Linda Joy Singleton & Richard Smythe Discuss Their Inspiration & Collaboration on Sun & Son

By Linda Joy Singleton

As a reporter for Cynsations, I love sharing articles and interviews. This is the first time I’m turning the tables and sharing an interview between myself and my illustrator, Richard Smythe, as we celebrate the March 2022 release of our second book together, Sun & Son (Amicus Ink).

Publishers are brilliant in the art of matching picture book text with the perfect artist. I was delighted when Amicus Books matched my first nonfiction book, Crane & Crane (Amicus 2019), with the very talented Richard Smythe. From rough sketches to finished book, Richard brought life to both bird and constructions cranes. And when I approached him about promotion, he very graciously created a coloring page.

Fun fact: We almost met in person when I had a trip to Europe planned for Fall 2020, but that’s on hold for now. Fortunately, we can chat online, and here’s a fun Q&A we shared about our experiences working together. Enjoy!

Linda: What is your process when you first read a manuscript? For instance, When you first read Sun & Son, did images immediately spring into your head?

Richard: When I read the manuscript I let my imagination take the lead. I try to remember those initial images that come in to my mind when I first read the text. I’ll then make notes and use this as a starting point from which to start the process of sketching out ideas.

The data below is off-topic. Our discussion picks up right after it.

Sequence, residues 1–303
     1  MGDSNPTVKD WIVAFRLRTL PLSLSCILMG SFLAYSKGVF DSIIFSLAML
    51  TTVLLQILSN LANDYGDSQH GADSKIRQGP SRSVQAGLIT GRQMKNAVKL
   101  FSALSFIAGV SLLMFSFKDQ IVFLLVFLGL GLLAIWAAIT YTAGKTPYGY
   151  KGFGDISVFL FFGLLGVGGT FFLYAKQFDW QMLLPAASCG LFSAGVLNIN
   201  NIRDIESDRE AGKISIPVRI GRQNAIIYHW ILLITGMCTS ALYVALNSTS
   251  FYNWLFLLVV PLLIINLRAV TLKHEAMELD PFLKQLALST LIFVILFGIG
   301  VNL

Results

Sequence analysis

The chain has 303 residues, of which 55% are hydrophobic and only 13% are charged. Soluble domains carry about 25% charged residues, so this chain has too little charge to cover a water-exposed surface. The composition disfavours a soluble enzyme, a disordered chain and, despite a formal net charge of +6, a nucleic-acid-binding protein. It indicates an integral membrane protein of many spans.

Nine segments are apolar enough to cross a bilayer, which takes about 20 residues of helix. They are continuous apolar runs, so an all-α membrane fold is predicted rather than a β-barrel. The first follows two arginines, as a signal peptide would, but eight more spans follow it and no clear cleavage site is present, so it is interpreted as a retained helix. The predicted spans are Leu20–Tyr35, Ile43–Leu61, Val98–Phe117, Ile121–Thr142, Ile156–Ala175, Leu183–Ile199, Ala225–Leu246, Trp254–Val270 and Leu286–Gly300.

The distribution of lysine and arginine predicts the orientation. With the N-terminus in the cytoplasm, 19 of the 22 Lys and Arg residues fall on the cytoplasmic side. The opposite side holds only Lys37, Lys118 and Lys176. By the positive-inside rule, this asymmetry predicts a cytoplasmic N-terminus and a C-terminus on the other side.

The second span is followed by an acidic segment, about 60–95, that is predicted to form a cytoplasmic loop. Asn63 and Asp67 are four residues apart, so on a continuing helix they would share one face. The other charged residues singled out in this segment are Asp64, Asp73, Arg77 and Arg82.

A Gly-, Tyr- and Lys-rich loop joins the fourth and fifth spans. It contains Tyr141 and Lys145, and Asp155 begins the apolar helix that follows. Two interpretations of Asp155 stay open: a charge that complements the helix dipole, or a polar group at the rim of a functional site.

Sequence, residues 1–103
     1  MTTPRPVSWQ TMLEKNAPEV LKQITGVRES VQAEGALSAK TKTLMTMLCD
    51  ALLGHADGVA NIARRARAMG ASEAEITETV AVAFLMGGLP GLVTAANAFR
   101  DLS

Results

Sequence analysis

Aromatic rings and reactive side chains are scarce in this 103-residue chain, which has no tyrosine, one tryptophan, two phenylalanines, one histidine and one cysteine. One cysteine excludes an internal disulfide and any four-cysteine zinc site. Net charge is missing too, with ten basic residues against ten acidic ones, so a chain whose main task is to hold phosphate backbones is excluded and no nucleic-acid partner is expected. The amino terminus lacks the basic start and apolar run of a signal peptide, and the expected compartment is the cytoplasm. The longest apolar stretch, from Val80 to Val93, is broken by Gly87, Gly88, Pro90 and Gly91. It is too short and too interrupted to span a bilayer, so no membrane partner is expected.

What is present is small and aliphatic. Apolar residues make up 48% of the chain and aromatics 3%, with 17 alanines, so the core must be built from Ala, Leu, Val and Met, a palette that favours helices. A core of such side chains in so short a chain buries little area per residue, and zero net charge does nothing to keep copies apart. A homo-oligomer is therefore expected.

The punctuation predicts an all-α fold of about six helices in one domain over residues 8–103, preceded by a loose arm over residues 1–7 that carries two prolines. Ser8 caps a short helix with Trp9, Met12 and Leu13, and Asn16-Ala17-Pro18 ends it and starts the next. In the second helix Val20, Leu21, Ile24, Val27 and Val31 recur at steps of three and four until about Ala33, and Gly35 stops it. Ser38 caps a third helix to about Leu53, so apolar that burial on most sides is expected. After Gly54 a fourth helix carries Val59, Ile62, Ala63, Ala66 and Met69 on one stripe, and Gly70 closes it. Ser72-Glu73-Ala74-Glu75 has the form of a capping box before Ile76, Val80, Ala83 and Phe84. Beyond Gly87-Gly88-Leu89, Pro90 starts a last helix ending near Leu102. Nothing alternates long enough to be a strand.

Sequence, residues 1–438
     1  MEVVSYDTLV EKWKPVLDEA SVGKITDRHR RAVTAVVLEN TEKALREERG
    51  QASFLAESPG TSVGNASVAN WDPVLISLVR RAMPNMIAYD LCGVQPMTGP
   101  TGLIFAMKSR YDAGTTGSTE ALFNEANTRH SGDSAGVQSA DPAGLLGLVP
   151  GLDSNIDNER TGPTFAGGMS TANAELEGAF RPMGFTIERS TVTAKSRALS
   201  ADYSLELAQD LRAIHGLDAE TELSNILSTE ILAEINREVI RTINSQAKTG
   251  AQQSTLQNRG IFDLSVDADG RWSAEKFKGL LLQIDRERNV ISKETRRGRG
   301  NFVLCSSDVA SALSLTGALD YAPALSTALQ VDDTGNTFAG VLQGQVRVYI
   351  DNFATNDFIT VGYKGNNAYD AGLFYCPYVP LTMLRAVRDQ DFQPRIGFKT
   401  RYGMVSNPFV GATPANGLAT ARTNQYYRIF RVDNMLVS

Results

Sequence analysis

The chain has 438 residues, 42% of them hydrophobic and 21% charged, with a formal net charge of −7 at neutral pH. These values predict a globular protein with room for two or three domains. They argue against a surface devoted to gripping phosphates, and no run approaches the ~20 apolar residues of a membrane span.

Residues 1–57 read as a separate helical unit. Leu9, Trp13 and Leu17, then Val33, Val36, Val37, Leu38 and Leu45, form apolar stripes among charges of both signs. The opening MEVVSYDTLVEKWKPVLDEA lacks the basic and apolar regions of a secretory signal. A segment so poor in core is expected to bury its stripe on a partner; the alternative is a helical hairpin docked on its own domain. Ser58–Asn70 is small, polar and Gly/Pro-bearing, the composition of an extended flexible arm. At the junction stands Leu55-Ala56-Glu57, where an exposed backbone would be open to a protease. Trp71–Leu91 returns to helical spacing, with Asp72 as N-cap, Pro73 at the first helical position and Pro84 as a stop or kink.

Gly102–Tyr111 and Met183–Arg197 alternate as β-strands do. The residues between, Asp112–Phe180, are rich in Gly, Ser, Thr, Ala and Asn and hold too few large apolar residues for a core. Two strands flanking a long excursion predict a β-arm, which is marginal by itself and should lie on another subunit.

Linda, Do you get anxious or even worried about how the illustrator will interpret your story?

Linda: No, I trust my editors to hire amazing illustrators like you. Since we already worked together on Crane & Crane, I had no doubt you’d create the perfect illustrations for Sun & Son. And you did! When I write a picture book, I only have a vague idea of the art and I can’t wait to see what an illustrator will come up with. I was especially pleased when I saw you’d included a cat in the book because you know I love cats.  It was also important to me that the word “grow” show a child’s measurements against a wall—like my parents did with me. And you exceeded this with the lovely giraffe drawing!

Speaking of art notes, since Sun & Son has so few words, I included many art notes. What are your thoughts on art notes? Writers are advised to only include art notes when necessary to explain the story. In your experiences, what are the pros and cons of art notes?

Richard: I don’t mind having art notes. I think it was necessary for our book because the story is told via single words. So in this case it was beneficial to have as much help as possible. For me, there has generally been a lot of flexibility with the books I have worked on. If there is an art note I disagree with, I would just share an alternative idea and see what the editor/author thinks. Most of the time people are willing to meet in the middle. I think it’s best to try and be as collaborative as possible, but at the end of the day it’s the author’s text, and the publisher’s product, so they have the final say.

When did you first get the idea to do a book with single words? And did it come from a sort of story-telling exercise, a self-imposed limitation that you wanted to set on yourself to see what would happen in terms of developing a narrative?  Or was there another reason?

Linda: It was a story exercise to write a picture book idea every day for a month (now called Story Storm created by Tara Lazar). My very first idea was Crane & Crane. I love word play and since my husband was a crane operator, I had the mental image of a bird crane mimicking a metal crane. Here’s what I wrote: